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Water silos as a creeping risk

Stand at the helm as a sector

When you invest in new or replace existing water silos, it is important to understand the added security available and have a regular inspection schedule of these silos during their lifetime. Silos used for the storage of rainwater and feed water are a must in the horticulture industry. Hundreds of cubic meters of water can be stored efficiently, but there is a danger in this.

If these silos are not maintained properly, they can tear open, resulting in significant water damage. It is important both for the safety of employees and for business continuity that during the lifetime of the silo it does not spontaneously crack open. When a silo cracks, it can lead to crop damage and in some cases entire crop loss. Knowing the potential outcome is sufficient reason to take measures both at the time of purchase and during the life span of these storage silos.

A purchase choice: with or without coating?

When the steel plates have a plastic coating on both sides, they are much more resistant to corrosion. It is often decided when installing new tanks to only equip the bottom plate with the protective plastic coating. When considering the potential life span of the silo and the hazards associated with corrosion and unexpected bursting, it would seem reasonable when purchasing a new silo, that the standard choice should be to build the entire silo with plastic coated steel plates as this would severely reduce the exposure of loss.

Maintenance is key

Water silos are constructed with different plate thicknesses (increasing in thickness from top to bottom). Corrosion can quickly reduce the thickness of the plates. With increased thinning of the plate walls, the silo can no longer withstand the pressure of the water stored within, and the metal will tear and burst.

It is therefore crucial to check your water silos for corrosion annually. Not only on the outside, but also on the inside. Corrosion on the inside is often not considered. Sometimes, you will find signs on the outside that indicate corrosion, such as streaks of rust water or rust build up around the bolts. Since the inside of the tank is not readily visible on a daily basis, problems can mount quickly if the inside of the tank is not taken into consideration when completing the inspection.

For this reason, every year you should check the silos on the inside for corrosion by emptying the silo and removing the blanket and foil from the inner wall and check the plates extensively. Beginning corrosion formation can usually be treated, but at an advanced stage, the metal plate must be replaced. A well-maintained water silo will ensure the safety of personnel and the continuity of cultivation. It is important to note that damage caused by corrosion is excluded in the greenhouse horticulture policy. As a business owner, you also have a financial risk in the event of loss.

Smart inspection

The best way to check silos is to inspect them from the inside, as described above. This is not always practical. In response, a silo inspection system has been developed by Hagelunie. With an ultrasonic meter, the thickness of the sheets can be measured from the outside. When, with sufficient measurements, no decrease in plate thickness is measured, you have informed knowledge and a better degree of certainty, about the condition of the silo.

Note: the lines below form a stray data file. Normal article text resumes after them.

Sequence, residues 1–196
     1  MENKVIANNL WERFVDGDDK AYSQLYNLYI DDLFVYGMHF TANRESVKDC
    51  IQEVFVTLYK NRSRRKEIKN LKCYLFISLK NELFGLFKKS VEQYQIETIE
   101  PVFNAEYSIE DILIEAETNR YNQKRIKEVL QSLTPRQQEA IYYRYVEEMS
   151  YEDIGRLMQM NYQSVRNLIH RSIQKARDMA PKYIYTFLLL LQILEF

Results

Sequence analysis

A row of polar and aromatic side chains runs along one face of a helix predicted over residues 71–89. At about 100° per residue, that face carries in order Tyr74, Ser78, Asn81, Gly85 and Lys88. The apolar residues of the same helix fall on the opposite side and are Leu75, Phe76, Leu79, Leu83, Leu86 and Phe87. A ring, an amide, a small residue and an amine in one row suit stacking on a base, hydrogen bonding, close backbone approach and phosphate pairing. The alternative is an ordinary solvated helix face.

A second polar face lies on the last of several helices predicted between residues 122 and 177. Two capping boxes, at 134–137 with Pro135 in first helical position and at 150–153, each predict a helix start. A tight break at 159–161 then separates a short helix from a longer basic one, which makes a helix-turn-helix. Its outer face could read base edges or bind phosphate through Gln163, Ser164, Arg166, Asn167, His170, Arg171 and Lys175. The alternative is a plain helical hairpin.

This form of testing is now commonplace in the Netherlands and is considered best practices in the overall operation of the greenhouse facility. Based on this new inspection, even the policy conditions can be been extended. When the silo is tested after the 7th year of installation and the results are favorable and approved on the basis of the test protocol, we will not invoke the corrosion exclusion and damage will be covered in the event of loss.

The sector needs to take control

As a Greenhouse horticulture sector, it is important to avoid problems and stay in control. After all, if accidents happen, other parties will normally get involved and make decisions which will affect the future operation of the industry. These decisions or protocols often go above and beyond what the sector would benefit from.

  • Short-term action: check your silo annually on the inside and outside. Capture the results by taking extensive photos of each silo, so you can monitor and consult in the case of future silo damage.
  • Long-term action: We are looking to expand the ultrasonic testing in Canada, as it would be good if installers embrace this form of testing and inspection and start facilitating it to their customers after installation. From our knowledge and experience, we can facilitate this. A test protocol is available. We are happy to support and help shape this process.

Questions? Contact us today!

Do you have questions about making your water silos safe and clean, or would you like information about the silo inspection? Please contact your broker or call/email us. Together, we are happy to discuss your needs.

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